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PhD: Fusion and Fission Graphite Analysis and Treatment
- Supervising organisations: University of Bristol School of Physics and UK Atomic Energy Authority
- Funding: fully-funded with tax-free stipend of £17,609.00 per year, for the 4 years project duration.
- Application deadline: 30th July 2021 for October 2021 start
The objective of this project is to develop techniques for processing graphite waste to reduce the volume of the waste needing disposal, initially on a lab-scale, by extracting key isotopes with potentially useful applications. Working with real samples of irradiated graphite from both fission and fusion reactors, you will be designing and testing processes to treat this fascinating material using chemical and physical techniques.
Working on the techniques for decommissioning is a contribution to supporting the UK’s clean energy aspirations and makes this PhD very applied rather than theoretical, where a large component of the project will be experimental. In addition to working in labs, interpersonal skills will also be important because interactions, collaboration and joint work with industry partners will be routine. You will develop a range of transferable practical skills relevant to nuclear industries, in particular fission and fusion.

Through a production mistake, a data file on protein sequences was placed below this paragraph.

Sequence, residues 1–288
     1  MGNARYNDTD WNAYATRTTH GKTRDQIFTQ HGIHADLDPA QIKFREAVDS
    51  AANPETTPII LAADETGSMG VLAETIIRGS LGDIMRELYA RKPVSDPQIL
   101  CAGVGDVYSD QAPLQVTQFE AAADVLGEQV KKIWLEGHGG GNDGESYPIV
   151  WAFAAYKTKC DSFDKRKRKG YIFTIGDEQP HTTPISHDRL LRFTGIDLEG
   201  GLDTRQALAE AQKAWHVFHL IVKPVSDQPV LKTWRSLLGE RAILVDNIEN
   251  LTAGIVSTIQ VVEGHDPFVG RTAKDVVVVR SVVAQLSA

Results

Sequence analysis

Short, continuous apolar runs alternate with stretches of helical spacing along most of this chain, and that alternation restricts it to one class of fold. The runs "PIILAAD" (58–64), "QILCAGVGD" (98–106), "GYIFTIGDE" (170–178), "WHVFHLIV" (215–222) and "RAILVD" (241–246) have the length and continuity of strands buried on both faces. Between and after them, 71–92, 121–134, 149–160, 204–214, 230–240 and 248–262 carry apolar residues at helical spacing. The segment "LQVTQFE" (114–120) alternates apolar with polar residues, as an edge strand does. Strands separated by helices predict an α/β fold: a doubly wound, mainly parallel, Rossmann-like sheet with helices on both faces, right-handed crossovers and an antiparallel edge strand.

This project is funded by the UK Atomic Energy Authority (UKAEA), based in Culham, Oxfordshire. The student will work closely with experts at UKAEA, who are developing significant new capabilities in this area for the national nuclear programme.
PhD: VR-based haptic robot teleoperation for handling nuclear material in glove boxes
- Supervising organisations: University of the West of England
- Funding: offered on a self-funding or similar basis
- Start date: October 2021 or January 2022
The PhD student will work on a technical solution for a human operator to control a dual-arm robot system inside a glovebox. As human-robot interface it will be investigated whether using a virtual reality (VR) headset and haptic feedback from the robot can be integrated into an immersive teleoperation setup for glovebox teleoperation. For this, the student will make use of existing commercial of the shelf (COTS) robot hardware, including standard industrial robot arms and grippers, and consumer VR headsets. We propose to investigate the following research questions as part of this PhD project:
- What are the minimum technical requirements in a teleoperated robot system for safe handling of nuclear materials in the confined space of a glove box?
- How can haptic feedback of a robot gripper or a robot hand be efficiently used as input for an operator handling nuclear materials?
- Does the usage of VR-interfaces and haptic feedback lead to an efficient and safe solution for robot teleoperation inside glove boxes, while also reducing the cognitive load for the human operator?
- Can haptic feedback be visualised?